The Astounding Adventures of Cyril Bright

by G. Arthur Brown

Chap. XI: A Place Beauteous of Which I Dare Not Speak

And when I had released the spirit from his worldly prison, he did show to me a way that man does not travel, though travel it I did with him until we should chance to see such things as should never be polaroided (and being as I am, only a polaroid camera did I have in my hands)—things that should only be painted in brilliant oils or told of by poets who are no longer of high school age. 
     In this place were one thousand things, each more beatific that the last, and some more beatific than the next, but all of such a vision that I dared not open both my eyes at the same time, but peering only through the cracks betwixt my fingers as a child who has caught his mother in the act of bathing.  I do not dare to write down each of these thousand idyllic objects for it is well studied that, when recorded, such things have a tendancy to fall into a death of sorts.  And when it has died in its way does it send a spirit, an invisible stalker, forever upon the recorder to wreak vengeance and make mischeifs that a mother of ten Mixacans could not know. 
     Dancing was there amongst the childlike inhabitants of this place, and the genius loci did stand proud amongst mortals and immortals alike, and there was wassel ample for all who wished drink it.  The photographs had been grand, were they possible to take.  But an officer of the law with hands as large as the Moon did block the lense.  I felt the joy that is only know by those lucky enough to meet gregarious and charitible elves who share their magic datebreads with those weary, and weary I was, though hungry all the more.  So eating and drinking I made my way in this land and slumbered not far from a very attractive woman who smelled of a flower unknown in man's world. Upon awaking, I was home.  The spirit stood over me and smiled and showed me a polaroid of what looked like my sleeping mouth with something in it I do not care to speak of.

Chap. XXIII:  A Meeting with the Chancellor of Mysteria

The invitation, engraved and in a gold leaf frame, caused me to bespectacle myself for the sake of its reading. It did say:  COME HAVE LUNCHEON WITH MORK FILLIGREE CHANCELLOR OF MYSTERIA.  PUNCH AND PIE WILL BE GRATIS.  DO NOT BRING ANY GOBLINS, NOT EVEN IF THEY WEAR A NAPPY.  TOO MANY POO-FLINGING INCIDENTS HAVE LEFT A BAD TASTE IN THE CHANCELLOR'S MOUTH.  A date and address followed, as did a secretary's signature in forgery of Mr. Filligree's own.  After doffing my pince-nez, I pocketted them, for I did not wish to remove them completely from my person, lest I find that I wished to refer to the document again and be unable to utilize my eye's properly for its reading.  My mother and father both suffered from a similar affliction; they were always late to gala events.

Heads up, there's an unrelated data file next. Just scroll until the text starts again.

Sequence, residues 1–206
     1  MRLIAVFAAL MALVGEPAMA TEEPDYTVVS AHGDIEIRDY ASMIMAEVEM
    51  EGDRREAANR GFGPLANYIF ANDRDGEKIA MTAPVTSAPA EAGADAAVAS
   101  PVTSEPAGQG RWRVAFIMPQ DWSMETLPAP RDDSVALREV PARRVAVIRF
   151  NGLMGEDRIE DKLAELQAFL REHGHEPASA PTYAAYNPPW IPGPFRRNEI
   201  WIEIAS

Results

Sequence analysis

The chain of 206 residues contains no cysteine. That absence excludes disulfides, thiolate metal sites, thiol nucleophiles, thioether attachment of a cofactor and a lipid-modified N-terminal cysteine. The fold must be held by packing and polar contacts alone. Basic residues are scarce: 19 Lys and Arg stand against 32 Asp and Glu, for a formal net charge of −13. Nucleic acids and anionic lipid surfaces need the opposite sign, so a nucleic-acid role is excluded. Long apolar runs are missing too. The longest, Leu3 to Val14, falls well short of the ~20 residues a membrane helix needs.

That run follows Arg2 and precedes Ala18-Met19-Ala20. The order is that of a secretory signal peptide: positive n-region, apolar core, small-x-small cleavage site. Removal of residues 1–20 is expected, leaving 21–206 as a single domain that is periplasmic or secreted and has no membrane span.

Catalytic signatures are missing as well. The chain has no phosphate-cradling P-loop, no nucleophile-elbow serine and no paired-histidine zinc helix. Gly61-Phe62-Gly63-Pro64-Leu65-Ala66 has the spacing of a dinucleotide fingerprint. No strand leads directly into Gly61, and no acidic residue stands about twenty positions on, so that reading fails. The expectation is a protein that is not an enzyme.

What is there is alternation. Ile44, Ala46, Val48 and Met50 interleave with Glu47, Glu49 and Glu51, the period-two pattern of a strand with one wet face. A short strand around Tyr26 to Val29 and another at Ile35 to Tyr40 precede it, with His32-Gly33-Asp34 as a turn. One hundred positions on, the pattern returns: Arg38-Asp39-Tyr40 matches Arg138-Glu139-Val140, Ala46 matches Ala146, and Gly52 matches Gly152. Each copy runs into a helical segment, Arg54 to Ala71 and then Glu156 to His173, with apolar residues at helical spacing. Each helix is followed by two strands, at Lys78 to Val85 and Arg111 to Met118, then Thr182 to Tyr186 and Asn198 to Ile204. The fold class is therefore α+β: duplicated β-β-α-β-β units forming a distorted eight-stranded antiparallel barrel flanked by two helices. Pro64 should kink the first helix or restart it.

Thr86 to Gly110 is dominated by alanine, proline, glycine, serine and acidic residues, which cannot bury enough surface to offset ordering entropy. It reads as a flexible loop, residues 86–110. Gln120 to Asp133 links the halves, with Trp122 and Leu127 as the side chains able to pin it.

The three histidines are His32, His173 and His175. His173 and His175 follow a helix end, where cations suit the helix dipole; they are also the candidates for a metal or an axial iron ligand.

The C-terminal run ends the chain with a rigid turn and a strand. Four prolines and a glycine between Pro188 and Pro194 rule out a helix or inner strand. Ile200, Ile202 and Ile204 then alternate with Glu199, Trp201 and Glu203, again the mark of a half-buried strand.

I festooned myself in the manner which I had heard the Mysterians comported themselves garb-wise in public.  A tunic of grey, pantaloons of also grey, ribbed hose of white on my lower leg, a green velvet jerkin atop and patent-pending leather shoes as shiny as the very Magic Mirror that I broke, imprisoning myself for 700 years on Near Earth. No hat did I don, though twice I thought it unwise to allow myself be sighted publicly bareheaded.  The last thing I needed on this day was a haranguing by a constable about my lack of social etiquette. But since it was the fashion among the folk of that strange land, I went with hair uncovered before the Chancellor and took my Chances (excuse my obvious pun!).
     I have drawn up a sketch to clue you to an idea of his look.  Though I am a scrivener and not a sketchman, I think the general idea has been cast.  He was a very handsome man with a pleasant visage that I should not be afraid to take home with me to meet my mother had I been a woman and not locked within the male body I now inhabit. He told me have a seat and eat the joint they have so lushly spread before me on the resplendant table.  After offering my sincere thanks, I took a bite of pie.  The voluptuous flavor was too much for me, so I promptly passed out.  When I awoke the Chancellor was discussing his policy regarding airships dispensing breathable poisons with the Chairman of Outlandia's Weapon's Committee.  I could see that this was no place for a peaceloving man like myself.  I said my adieu, exited the building and activated the explosive device I had placed under the table in my case.